ON THIS PAGE: You will find a list of common tests, procedures, and scans that doctors use to find the cause of a medical problem. Use the menu to see other pages.
Doctors use many tests to find, or diagnose, cancer. They also do tests to learn if cancer has spread to another part of the body from where it started. If this happens, it is called metastasis. For example, imaging tests can show if the cancer has spread. Imaging tests show pictures of the inside of the body. Doctors may also do tests to learn which treatments may work best.
For most types of cancer, a biopsy is the only sure way for the doctor to know whether an area of the body has cancer. In a biopsy, the doctor takes a small sample of tissue for testing in a laboratory. If a biopsy is not possible, the doctor may suggest other tests that will help make a diagnosis. Although biopsies have a small chance of not giving a definite answer, they are essential to allow your doctor make a clear diagnosis and develop a clear team-based treatment plan.
This list describes options for diagnosing this type of cancer. Not all tests listed below will be used for every person. Your doctor may consider these factors when choosing a diagnostic test:
The type of cancer suspected
Your signs and symptoms
Your age and medical condition
The results of earlier medical tests
There are no standard screening tests for sarcoma. A doctor should examine any unusual or new lumps or bumps that are growing to make sure it is not cancer. Sarcomas are rare. If sarcoma is suspected, it is very important to talk with a doctor who has experience with this type of cancer.
A diagnosis of sarcoma is made by a combination of clinical examination by a doctor and imaging tests. It is confirmed by the results of a biopsy. In addition to a physical examination, some of the following tests may be used to diagnose sarcoma:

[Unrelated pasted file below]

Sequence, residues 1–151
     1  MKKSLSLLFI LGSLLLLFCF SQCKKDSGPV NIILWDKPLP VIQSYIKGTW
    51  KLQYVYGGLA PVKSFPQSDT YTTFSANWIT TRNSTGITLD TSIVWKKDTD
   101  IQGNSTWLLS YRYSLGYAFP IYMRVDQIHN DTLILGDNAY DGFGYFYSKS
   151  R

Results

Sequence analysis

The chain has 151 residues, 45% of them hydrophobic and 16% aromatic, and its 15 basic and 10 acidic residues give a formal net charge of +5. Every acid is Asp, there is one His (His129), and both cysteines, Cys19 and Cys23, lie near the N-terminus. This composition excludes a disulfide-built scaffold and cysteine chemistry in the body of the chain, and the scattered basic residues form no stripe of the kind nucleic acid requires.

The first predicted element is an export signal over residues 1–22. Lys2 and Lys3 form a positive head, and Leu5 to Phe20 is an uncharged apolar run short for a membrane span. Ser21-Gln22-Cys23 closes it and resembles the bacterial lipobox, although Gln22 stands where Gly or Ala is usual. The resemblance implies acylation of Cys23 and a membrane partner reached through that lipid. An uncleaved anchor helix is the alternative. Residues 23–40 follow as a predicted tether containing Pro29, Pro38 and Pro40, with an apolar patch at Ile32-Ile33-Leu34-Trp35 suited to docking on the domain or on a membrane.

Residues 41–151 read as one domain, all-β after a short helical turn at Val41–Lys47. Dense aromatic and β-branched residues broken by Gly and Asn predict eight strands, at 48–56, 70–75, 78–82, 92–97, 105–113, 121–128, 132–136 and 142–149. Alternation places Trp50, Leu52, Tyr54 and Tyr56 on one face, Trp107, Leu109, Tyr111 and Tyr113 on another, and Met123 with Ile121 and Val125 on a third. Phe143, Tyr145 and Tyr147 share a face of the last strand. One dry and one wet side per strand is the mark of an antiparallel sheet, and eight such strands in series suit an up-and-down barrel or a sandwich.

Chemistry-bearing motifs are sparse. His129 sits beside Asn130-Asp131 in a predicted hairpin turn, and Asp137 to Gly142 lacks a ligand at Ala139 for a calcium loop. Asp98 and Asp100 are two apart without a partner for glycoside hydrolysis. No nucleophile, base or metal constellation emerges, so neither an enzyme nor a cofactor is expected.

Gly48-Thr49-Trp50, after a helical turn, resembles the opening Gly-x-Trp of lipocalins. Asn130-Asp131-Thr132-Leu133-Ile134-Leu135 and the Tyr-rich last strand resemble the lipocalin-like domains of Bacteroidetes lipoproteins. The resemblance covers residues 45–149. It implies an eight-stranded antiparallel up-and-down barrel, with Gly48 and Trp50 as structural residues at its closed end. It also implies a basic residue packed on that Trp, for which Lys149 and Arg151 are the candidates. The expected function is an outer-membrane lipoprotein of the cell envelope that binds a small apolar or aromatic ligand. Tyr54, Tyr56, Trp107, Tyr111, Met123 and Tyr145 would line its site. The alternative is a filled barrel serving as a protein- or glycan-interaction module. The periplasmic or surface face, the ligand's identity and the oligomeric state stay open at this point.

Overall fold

Benign and cancerous tumors may look different on imaging tests, such as an x-ray. In general, a benign tumor has round, smooth, well-defined borders. A cancerous tumor usually has irregular, poorly defined edges.
X-ray. An x-ray is a way to create a picture of the structures inside of the body, using a small amount of radiation. X-ray is particularly useful for bone sarcomas, but less valuable for STS.
Ultrasound. An ultrasound uses sound waves to create a picture of the internal organs.
Computed tomography (CT or CAT) scan. A CT scan creates a 3-dimensional picture of the inside of the body using x-rays taken from different angles. A computer combines these images into a detailed, cross-sectional view that shows any abnormalities or tumors. A CT scan can be used to measure the tumor’s size. Sometimes, a special dye called contrast medium is given before the scan to provide better detail on the image. This dye can be injected into a patient’s vein and/or be a liquid the patient must drink.
Magnetic resonance imaging (MRI). An MRI uses magnetic fields, not x-rays, to produce detailed images of the body. MRI can be used to measure the tumor’s size. A special dye called a contrast medium is given before the scan to create a clearer picture. This dye can be injected into a patient’s vein. MRI is a key test for doctors to decide whether a biopsy is necessary in cases of possible STS as well as to guide any surgical procedure. An MRI is generally viewed as necessary before any surgical procedure is performed.